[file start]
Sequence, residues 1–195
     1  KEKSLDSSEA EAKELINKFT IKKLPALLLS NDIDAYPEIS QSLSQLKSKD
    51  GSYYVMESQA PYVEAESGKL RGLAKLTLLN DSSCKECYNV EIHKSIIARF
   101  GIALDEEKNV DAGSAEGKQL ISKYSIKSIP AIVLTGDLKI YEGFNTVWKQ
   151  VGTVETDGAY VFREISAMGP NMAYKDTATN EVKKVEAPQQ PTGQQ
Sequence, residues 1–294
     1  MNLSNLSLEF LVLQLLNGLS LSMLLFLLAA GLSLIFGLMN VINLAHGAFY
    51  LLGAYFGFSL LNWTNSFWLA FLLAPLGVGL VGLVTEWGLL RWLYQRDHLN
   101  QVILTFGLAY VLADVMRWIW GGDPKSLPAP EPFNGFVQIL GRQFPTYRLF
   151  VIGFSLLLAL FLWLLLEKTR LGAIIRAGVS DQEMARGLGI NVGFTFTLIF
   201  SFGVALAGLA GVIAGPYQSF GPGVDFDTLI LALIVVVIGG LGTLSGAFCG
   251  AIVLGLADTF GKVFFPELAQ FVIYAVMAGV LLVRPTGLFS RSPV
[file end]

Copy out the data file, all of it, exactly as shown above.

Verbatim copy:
Sequence, residues 1–195
     1  KEKSLDSSEA EAKELINKFT IKKLPALLLS NDIDAYPEIS QSLSQLKSKD
    51  GSYYVMESQA PYVEAESGKL RGLAKLTLLN DSSCKECYNV EIHKSIIARF
   101  GIALDEEKNV DAGSAEGKQL ISKYSIKSIP AIVLTGDLKI YEGFNTVWKQ
   151  VGTVETDGAY VFREISAMGP NMAYKDTATN EVKKVEAPQQ PTGQQ
Sequence, residues 1–294
     1  MNLSNLSLEF LVLQLLNGLS LSMLLFLLAA GLSLIFGLMN VINLAHGAFY
    51  LLGAYFGFSL LNWTNSFWLA FLLAPLGVGL VGLVTEWGLL RWLYQRDHLN
   101  QVILTFGLAY VLADVMRWIW GGDPKSLPAP EPFNGFVQIL GRQFPTYRLF
   151  VIGFSLLLAL FLWLLLEKTR LGAIIRAGVS DQEMARGLGI NVGFTFTLIF
   201  SFGVALAGLA GVIAGPYQSF GPGVDFDTLI LALIVVVIGG LGTLSGAFCG
   251  AIVLGLADTF GKVFFPELAQ FVIYAVMAGV LLVRPTGLFS RSPV